Mr. One-One, JONNAH, was the last exhibit for the night with melody, theatrics and creativity on overdrive. The lyrics of his first song was modified to big up his campaign team, while the second saw him wearing a white thobe (a long robe worn by Muslim men, which is usually tailored like a shirt, but it is ankle-length and loose), sandals and rod in hand like Moses to deliver the people— as the intro to his gospel-themed song suggested.
The females ended the night declaring war on each other. CHARLENE SKYLAR promised “anyone a dem step to me dead”. KONFYDENCE had this to say, “mi a show them the real KONFYDENCE”. “A mi seh me a di general so me just a come fi murder them and done, ” SASSY SILVA opined.
The curtains were drawn on the show with SPICE executing her new single “Twerk” and dance of the said name
The electrifying eight ‘charged up’ Magnum Kings and Queens of Dancehall last Saturday, leaving behind pleased and not so pleased patrons, as the survivors of the ‘Magnum Mansion’ battled it out at D’Entrance.
With only three weeks of voting left in the competition, the Contestants were naturally putting their best efforts forward. However, not before the previous week’s lowest was to be sent packing.
BUCK 1, who had more or less got an extension the previous week, had his rights revoked. But there was a slight tremor from fans when MINORI and KONFYDENCE were announced in the bottom two, because the former was way better. As fans bellowed MINORI’s name, host Yanique told KONFYDENCE that she was safe to a much disappointed audience.
TIME FOR ACTION
With that out of the way, SASSY SILVA started the night with a reinvented version of her with a very teenage-esque appearance. JONNAH, who followed, was lauded for his usual creativity, melody and stage craft. Guest Judge MAD COBRA said to him, “nuh whale can’t swallow you. You good…every four bar yuh have a farwud”.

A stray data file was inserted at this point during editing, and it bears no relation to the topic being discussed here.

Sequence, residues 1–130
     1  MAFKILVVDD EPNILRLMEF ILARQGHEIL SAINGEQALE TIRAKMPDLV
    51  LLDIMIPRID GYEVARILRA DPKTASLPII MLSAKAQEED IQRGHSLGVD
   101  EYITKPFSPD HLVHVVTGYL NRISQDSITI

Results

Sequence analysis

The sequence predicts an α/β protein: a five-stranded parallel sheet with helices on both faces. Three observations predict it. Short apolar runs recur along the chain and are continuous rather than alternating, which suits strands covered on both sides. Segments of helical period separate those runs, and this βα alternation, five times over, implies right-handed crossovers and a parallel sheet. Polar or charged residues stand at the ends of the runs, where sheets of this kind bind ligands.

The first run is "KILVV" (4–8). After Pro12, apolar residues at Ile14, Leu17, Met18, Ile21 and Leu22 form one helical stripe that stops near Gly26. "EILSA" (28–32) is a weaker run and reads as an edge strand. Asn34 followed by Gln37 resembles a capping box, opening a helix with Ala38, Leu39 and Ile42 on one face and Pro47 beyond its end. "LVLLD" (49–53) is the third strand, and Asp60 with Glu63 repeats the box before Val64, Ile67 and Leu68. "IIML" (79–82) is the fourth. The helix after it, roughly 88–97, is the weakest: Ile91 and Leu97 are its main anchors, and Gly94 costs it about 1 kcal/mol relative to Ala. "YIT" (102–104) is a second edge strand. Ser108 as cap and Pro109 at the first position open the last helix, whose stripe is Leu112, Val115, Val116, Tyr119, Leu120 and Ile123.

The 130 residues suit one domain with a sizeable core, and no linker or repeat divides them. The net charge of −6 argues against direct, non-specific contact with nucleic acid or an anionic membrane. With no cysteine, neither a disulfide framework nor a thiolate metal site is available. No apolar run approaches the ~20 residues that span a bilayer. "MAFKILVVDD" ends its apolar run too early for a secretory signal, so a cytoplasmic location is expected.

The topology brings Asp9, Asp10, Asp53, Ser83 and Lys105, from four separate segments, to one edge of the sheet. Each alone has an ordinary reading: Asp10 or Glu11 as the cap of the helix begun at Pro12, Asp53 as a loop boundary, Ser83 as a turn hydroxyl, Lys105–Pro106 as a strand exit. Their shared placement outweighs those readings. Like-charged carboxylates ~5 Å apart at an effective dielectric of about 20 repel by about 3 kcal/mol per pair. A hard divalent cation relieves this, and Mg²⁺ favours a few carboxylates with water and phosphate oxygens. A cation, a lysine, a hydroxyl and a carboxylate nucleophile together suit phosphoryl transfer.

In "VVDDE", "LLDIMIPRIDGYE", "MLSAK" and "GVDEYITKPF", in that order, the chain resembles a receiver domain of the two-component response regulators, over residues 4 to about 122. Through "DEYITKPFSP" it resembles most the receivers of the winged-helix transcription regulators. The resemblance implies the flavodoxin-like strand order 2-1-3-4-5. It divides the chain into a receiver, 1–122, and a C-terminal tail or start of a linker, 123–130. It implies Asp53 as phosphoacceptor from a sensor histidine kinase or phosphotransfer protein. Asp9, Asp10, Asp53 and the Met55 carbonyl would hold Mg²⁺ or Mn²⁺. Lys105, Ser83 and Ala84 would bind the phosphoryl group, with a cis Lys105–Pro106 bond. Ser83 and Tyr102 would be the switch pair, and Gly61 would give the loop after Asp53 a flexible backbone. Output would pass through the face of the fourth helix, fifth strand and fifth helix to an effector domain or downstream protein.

MAKARIE showed a softer side by singing against pedophiles. The judges thought it was a risk, because she needed to tighten some of her keys, but said the lyrics resonated well. JAH BOUKS injected his usual smooth and confident “haile” self, picking up comments of “having traits for crossover potentials” for the international market.
KONFYDENCE, after surviving another week, failed to spark any electricity among the judges given her weak performance. Skatta had a problem with her lyrics, saying it wasn’t representative of the level the competition is at. Miss Kitty thought the lyrics were basic. Miss Kitty added, “your shorts and your whole outfit, a do better than your performance. And when that’s happening, its a problem.”
PAYNE, CHARLENE SKYLAR and SHACK pulled the curtain on the show ahead of Guest Judge MAD COBRA’s closing performance.
PAYNE was told his song had the appeal of a jam one could play in their car or groove to. He was commended for his interactivity that got D’Entrance shouting “Payne a di boss”. CHARLEND SKYLAR regressed to her old self (problems with breathe control) somewhat and got a challenge from Skatta to bring stage craft and a better performance if she survived another week. While SHACK was asked to add more punchlines and sharpen his exit.
MAKARIE declared she hopes to take on SASSY SILVA for the crown. While declaring a position SASSY SILVA however said, “mi a de General fi di army and things a go get stormy.” CHARLENE SKYLAR also said she would tackle anyone.
Princes JONNAH and PAYNE spoke candidly on the topic, but stayed far away from declaring war against each other because they’re good friends outside of the competition. However, JONNAH insinuated that he would do what’s needed to cop the top spot.
JAH BOUKS spewed true rastafarian vibration, saying he wouldn’t be clashing with no man and that they would need to send Miss Kitty for him to clash. SHACK, the 18-year-old kid on the block, shot that being a singer will not hamper his quest for the crown; and only said “silent river run deep.”
EDITOR’S NOTE: ALL CONTESTANTS HAVE RETAINED THEIR VOTE NUMBERS SINCE MAKING THE TOP 10. VOTING HAS ALSO BEEN EXTENDED TO SATURDAYS AT 1PM.